DANIEL GALLAN AT NEWLANDS: Seven of South Africa's 11 starting players in the first Test at Centurion were white. That is more than 63 per cent representing a nation where whites make up less than 10 per cent
Few tasks in Test cricket are as challenging as opening the batting in South Africa.
Since 1992, when the country’s 22-year exile from the sport was ended, the first wicket has fallen with an average of 33.91 runs on the board from 507 innings. Only Ireland (22.25 from four innings) has a worse average. By contrast, the opening partnership at English grounds averages 36.75 from 661 innings in this time.
The difficulty of the endeavour is ramped up at Newlands in Cape Town, where a seaming deck has seen the first wicket average just 26.1 over the past four years.
As if things weren’t challenging enough, South Africa’s frontline batters must take guard against the most prolific and experienced new-ball partnership of all time.
Between them, Jimmy Anderson and Stuart Broad have claimed 1,053 wickets over 258 matches. Both may be past their best but can still ask questions of even the most seasoned pro.
Pieter Malan, the man likely to debut in place of the injured Aiden Markram, is not a seasoned pro, at least not at Test level where a player’s technique and temperament are judged under the most powerful microscope and every movement they make is picked apart by ravenous critics.
In normal circumstances this would be an excruciatingly daunting prospect. Of course, this is South Africa and there is no such thing as normal.
Malan is white, and in a country that once divided people along racial lines, the colour of one’s skin still matters.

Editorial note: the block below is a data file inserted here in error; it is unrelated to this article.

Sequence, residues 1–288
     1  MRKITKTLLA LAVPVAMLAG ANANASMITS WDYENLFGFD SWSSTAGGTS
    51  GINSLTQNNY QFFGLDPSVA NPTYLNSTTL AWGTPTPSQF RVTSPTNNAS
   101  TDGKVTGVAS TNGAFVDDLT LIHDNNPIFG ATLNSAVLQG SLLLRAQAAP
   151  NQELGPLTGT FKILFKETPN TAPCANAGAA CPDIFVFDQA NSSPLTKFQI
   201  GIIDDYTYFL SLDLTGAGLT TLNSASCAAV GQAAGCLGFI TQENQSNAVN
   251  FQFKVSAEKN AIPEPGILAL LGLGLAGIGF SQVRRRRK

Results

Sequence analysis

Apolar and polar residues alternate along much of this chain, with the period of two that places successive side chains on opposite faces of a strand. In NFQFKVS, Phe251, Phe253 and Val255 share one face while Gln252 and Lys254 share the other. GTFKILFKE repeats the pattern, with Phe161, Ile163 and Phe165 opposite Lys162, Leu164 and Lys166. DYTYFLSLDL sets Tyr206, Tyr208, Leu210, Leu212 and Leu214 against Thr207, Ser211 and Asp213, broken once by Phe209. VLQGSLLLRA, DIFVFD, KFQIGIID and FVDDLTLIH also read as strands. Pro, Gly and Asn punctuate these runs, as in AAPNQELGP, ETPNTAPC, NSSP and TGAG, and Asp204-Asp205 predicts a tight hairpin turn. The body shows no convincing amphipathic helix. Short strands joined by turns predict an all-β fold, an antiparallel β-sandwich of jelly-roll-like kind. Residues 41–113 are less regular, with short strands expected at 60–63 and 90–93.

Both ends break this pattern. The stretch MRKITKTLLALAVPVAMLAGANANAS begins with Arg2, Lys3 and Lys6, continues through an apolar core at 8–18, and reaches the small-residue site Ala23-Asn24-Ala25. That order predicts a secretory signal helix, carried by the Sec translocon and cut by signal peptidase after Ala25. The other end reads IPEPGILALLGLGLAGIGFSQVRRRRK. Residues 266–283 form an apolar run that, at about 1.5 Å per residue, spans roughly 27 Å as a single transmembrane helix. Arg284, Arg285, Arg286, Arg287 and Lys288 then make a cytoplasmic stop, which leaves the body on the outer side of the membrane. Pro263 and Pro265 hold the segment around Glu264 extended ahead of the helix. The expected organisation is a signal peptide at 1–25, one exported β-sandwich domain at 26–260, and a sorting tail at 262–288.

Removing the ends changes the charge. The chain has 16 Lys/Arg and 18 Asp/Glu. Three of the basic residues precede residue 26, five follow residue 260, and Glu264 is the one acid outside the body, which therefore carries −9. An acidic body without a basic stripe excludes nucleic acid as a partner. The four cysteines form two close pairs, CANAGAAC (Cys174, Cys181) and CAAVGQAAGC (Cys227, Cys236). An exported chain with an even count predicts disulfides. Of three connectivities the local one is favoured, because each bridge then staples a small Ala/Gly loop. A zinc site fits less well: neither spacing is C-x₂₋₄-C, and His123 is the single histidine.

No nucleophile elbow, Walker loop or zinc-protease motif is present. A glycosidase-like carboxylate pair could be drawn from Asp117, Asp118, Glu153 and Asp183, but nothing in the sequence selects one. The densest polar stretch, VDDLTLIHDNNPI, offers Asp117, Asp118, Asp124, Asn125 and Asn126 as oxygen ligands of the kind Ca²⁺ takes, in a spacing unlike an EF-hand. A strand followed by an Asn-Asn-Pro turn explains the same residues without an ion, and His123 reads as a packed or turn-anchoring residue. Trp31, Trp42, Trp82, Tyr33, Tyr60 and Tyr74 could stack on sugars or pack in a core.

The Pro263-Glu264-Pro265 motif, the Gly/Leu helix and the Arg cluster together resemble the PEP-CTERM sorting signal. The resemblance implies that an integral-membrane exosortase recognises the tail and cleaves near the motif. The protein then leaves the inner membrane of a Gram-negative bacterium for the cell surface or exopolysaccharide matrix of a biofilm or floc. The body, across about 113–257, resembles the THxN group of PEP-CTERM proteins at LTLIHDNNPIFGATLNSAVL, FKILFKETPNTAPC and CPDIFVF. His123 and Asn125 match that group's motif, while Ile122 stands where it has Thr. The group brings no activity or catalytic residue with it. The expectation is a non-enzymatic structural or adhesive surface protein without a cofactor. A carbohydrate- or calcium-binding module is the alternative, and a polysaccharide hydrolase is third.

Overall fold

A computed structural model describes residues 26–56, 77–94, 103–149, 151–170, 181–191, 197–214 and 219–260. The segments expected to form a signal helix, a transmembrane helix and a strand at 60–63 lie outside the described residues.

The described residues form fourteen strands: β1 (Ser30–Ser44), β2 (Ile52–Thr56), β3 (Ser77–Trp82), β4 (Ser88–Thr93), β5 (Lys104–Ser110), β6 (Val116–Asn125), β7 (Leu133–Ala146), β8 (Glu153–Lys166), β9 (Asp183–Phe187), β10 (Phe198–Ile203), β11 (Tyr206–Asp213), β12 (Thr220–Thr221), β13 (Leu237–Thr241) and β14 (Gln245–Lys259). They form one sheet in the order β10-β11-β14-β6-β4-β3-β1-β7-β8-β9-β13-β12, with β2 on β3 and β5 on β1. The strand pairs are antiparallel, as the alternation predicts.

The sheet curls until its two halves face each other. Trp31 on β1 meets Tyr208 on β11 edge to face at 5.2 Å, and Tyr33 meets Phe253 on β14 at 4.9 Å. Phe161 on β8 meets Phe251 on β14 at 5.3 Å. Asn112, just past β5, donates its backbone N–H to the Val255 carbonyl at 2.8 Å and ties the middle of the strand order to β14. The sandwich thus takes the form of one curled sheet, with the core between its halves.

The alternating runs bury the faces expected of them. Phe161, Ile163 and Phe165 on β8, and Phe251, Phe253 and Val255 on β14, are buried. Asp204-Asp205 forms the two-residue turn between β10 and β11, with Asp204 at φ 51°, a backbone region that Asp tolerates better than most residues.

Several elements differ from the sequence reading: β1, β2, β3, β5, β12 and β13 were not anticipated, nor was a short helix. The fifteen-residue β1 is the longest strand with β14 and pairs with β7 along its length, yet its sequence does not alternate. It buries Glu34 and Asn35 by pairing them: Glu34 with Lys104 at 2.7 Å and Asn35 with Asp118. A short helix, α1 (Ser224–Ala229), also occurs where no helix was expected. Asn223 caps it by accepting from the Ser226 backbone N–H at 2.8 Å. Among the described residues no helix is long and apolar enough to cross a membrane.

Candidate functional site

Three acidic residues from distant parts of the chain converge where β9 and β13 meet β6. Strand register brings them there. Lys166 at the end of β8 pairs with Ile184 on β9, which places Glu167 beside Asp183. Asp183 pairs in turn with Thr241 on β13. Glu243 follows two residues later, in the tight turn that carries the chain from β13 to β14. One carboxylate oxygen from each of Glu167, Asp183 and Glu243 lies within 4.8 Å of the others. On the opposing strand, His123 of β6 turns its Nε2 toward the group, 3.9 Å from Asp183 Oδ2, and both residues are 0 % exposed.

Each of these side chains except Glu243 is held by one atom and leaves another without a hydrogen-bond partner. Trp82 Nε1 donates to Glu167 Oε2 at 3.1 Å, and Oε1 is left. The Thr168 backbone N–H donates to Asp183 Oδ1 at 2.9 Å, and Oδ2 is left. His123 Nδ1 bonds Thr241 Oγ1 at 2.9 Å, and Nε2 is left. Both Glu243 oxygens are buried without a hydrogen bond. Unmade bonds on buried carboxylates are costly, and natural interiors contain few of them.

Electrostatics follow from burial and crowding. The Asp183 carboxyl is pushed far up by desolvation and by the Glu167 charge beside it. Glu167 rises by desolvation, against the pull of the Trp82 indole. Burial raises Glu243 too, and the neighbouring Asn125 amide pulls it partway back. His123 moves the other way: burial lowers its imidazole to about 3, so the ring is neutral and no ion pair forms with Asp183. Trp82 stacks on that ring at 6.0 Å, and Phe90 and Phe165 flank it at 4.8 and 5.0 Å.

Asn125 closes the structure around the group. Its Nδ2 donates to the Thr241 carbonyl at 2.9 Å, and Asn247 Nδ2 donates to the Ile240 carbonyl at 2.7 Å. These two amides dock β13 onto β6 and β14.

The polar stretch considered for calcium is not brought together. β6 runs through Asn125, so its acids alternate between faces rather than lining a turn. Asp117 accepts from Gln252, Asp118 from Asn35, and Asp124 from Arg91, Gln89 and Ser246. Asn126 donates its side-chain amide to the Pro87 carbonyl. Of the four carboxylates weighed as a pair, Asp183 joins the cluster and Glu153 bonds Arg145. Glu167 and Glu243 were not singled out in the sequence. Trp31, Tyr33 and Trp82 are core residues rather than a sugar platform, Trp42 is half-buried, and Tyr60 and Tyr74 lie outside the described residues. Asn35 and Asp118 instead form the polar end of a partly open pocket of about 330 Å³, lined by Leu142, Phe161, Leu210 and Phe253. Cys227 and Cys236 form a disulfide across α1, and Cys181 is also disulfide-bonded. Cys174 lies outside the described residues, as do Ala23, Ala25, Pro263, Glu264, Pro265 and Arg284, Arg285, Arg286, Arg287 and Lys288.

Pieter Malan is in line to come into the South Africa side at Newlands
Of course Malan is the most qualified person to fill the void at the top of the Proteas’ batting order. In 245 first-class innings - most of them at the snake pit that is Newlands - he has averaged just over 45 with 32 centuries. He has the backing of coach Mark Boucher, who rightly said messing around with the specialist opener position is a dangerous game.
But so too is picking Malan.
Seven of South Africa’s 11 starting players in the first Test at Centurion were white. That is more than 63 per cent representing a nation where whites make up less than 10 per cent. Fast bowler Kagiso Rabada was the only black African. That is nine per cent in a nation where blacks make up more than 80 per cent.
As we move into a new decade, these numbers are a damning indictment of the development of the cricket in the country.
The finger points in many directions where the suits at Cricket South Africa (CSA), the youth structures at provincial level and the elite sporting schools that still serve as the best paved path to a professional contract must all shoulder blame for the shameful reality that in 2020, almost 26 years after the fall of apartheid, the side appears to be whitening.
Delicately tugging at this Gordian knot for Cricbuzz, South African correspondent Telford Vice presented both arguments surrounding Malan’s selection and weighed up the pros and cons of each. In a vacuum, there would be little debate as Malan’s inclusion is the most sound cricketing decision. But, as Vice points out, cricket does not exist in a vacuum and another white face in the team would cause controversy.
As he does with every article, Vice shared his latest piece on social media. The reaction was instantaneous and vitriolic.
One keyboard warrior called Vice “lazy” with another accusing him of “race baiting”. Other trolls were more personal. One reader on Twitter - who hides behind an avatar and a fake name - thought “race selection is a thing of the past” with another saying, “sometimes I miss [South Africa], sometimes I don’t. Today it’s the latter.”
"During the first Test, an emergency meeting was called by the Black African Cricket Clubs (BACC). This pressure group took umbrage at the appointment of former Proteas captain Graeme Smith as director of cricket and his apparent assembling of his old white mates"